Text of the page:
The web was originally going to be a repository of human knowledge and people originally took the time to post all sorts of amazing content on the web. But nobody does that very much anymore and over time those old interesting web sites are dying. Mozilla says that people no longer web search much and that 60% of all non-video web traffic goes to a small handful of giant web companies like Facebook.

The average web user today seeks out a curated web experience like Facebook or other social platforms where content is brought to them instead of them searching the web. And within those platforms people create echo chambers by narrowing their focus over time until they only see content that supports their world view. People additionally use the web to do a few additional things like watching Netflix, paying bills, shopping at Amazon and searching on Google.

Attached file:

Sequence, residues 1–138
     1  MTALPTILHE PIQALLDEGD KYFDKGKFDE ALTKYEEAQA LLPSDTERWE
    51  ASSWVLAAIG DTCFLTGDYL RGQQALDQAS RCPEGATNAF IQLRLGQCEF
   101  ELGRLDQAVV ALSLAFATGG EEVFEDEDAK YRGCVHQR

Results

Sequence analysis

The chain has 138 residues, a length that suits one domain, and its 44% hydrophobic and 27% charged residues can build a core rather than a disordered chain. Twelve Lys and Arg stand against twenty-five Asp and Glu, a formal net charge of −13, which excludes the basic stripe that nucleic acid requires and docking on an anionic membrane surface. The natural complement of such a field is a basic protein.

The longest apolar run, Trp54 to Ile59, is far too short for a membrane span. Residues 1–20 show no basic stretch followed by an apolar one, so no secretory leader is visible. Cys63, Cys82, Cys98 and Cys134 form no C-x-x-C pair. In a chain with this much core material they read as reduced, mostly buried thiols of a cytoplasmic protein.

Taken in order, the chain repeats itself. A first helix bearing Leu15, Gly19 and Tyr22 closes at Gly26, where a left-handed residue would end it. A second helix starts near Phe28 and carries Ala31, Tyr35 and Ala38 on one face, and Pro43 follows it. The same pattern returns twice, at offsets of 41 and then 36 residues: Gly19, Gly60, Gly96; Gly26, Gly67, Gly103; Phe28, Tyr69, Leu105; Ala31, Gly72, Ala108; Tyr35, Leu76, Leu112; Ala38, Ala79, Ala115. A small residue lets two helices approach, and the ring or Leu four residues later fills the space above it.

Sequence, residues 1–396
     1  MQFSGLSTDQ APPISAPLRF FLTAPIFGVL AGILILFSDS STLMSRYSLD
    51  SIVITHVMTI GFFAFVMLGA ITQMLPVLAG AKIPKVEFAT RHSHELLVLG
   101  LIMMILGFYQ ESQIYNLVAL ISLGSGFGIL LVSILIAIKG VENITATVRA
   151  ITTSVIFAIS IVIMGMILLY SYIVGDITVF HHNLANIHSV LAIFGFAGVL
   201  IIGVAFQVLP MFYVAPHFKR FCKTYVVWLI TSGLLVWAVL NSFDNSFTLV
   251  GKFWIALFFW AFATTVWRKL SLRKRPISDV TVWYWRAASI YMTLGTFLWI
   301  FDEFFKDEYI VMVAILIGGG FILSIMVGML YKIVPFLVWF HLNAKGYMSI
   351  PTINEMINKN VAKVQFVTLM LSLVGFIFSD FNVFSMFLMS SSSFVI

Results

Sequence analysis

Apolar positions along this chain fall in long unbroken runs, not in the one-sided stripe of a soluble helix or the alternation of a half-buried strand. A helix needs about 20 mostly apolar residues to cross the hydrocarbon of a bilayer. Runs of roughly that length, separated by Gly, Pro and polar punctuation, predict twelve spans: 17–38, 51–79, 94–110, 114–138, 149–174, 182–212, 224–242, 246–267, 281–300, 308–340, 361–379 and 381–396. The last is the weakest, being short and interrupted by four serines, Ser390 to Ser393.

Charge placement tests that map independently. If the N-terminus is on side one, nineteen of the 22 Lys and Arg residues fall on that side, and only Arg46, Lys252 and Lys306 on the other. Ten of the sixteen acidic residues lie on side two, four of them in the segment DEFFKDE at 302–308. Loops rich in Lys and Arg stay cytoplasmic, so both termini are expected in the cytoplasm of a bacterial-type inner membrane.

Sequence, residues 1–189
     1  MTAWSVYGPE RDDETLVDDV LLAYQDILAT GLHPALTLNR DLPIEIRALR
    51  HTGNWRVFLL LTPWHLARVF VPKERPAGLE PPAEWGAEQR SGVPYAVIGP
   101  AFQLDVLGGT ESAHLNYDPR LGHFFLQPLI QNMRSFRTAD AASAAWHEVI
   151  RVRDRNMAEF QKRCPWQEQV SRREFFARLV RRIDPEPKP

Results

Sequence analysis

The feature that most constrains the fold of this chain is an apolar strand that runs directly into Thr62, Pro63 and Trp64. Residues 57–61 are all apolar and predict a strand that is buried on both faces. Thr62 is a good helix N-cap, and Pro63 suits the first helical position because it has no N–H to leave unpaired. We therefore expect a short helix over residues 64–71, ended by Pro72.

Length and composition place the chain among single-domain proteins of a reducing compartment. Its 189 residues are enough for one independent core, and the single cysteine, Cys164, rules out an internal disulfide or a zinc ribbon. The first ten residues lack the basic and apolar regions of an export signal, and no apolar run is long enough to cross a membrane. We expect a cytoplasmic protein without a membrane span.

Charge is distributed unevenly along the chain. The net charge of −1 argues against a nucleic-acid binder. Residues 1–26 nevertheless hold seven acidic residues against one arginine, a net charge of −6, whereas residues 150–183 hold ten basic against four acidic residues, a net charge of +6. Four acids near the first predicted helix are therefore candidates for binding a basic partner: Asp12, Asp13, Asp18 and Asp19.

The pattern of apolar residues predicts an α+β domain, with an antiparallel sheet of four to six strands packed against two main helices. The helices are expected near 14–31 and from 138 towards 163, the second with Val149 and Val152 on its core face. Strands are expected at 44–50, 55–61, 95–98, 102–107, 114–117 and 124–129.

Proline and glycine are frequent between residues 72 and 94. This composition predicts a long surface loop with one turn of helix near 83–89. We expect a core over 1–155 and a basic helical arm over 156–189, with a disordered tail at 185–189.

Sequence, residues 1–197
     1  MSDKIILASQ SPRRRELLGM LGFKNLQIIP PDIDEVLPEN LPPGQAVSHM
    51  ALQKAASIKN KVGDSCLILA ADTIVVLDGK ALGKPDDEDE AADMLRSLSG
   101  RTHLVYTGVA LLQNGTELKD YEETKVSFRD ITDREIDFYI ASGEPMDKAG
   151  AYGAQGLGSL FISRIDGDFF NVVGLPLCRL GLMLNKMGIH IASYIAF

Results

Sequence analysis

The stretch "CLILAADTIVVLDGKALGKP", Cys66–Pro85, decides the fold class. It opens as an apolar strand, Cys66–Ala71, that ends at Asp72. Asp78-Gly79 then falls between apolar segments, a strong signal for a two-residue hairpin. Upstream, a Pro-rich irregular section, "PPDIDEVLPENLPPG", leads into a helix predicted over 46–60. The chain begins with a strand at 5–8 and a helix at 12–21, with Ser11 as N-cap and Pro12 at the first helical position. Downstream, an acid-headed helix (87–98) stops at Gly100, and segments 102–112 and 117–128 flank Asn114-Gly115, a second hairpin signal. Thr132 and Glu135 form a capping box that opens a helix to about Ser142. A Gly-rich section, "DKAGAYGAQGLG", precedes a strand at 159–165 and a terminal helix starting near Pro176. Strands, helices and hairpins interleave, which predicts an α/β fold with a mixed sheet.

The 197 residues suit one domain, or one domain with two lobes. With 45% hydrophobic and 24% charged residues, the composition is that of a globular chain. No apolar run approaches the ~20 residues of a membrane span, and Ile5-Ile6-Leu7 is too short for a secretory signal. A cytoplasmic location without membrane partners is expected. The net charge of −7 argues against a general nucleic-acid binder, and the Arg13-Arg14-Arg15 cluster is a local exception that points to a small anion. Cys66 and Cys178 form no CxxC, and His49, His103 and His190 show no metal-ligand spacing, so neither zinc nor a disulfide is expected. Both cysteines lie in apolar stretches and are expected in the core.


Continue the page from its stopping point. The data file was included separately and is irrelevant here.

I don’t point out that trend as a criticism because this is clearly what people want from the web, and they vote by giant numbers to use the big platforms. It’s hard to argue that for the hundreds of millions of people who use the web in this manner that the web is even open for them any longer. People are choosing to use a restricted subset of the web, giving even more power to a handful of giant companies.

The trends are for the web to get even more restricted and condensed. Already today there are only two cellphone platforms – Android and iOS. People on cellphones visit even fewer places on the web than with landline connections. You don’t have to look very far into the future to see an even more restricted web. We are just now starting to talk to the web through Amazon Alexa and Apple Siri. The industry expects a large percentage of web interface to soon be accomplished though voice interface. And beyond that we are moving towards a world of wearables that will replace our cellphones. At some point most people’s web experience will be completely curated and the web we know today will largely become a thing of the quaint past.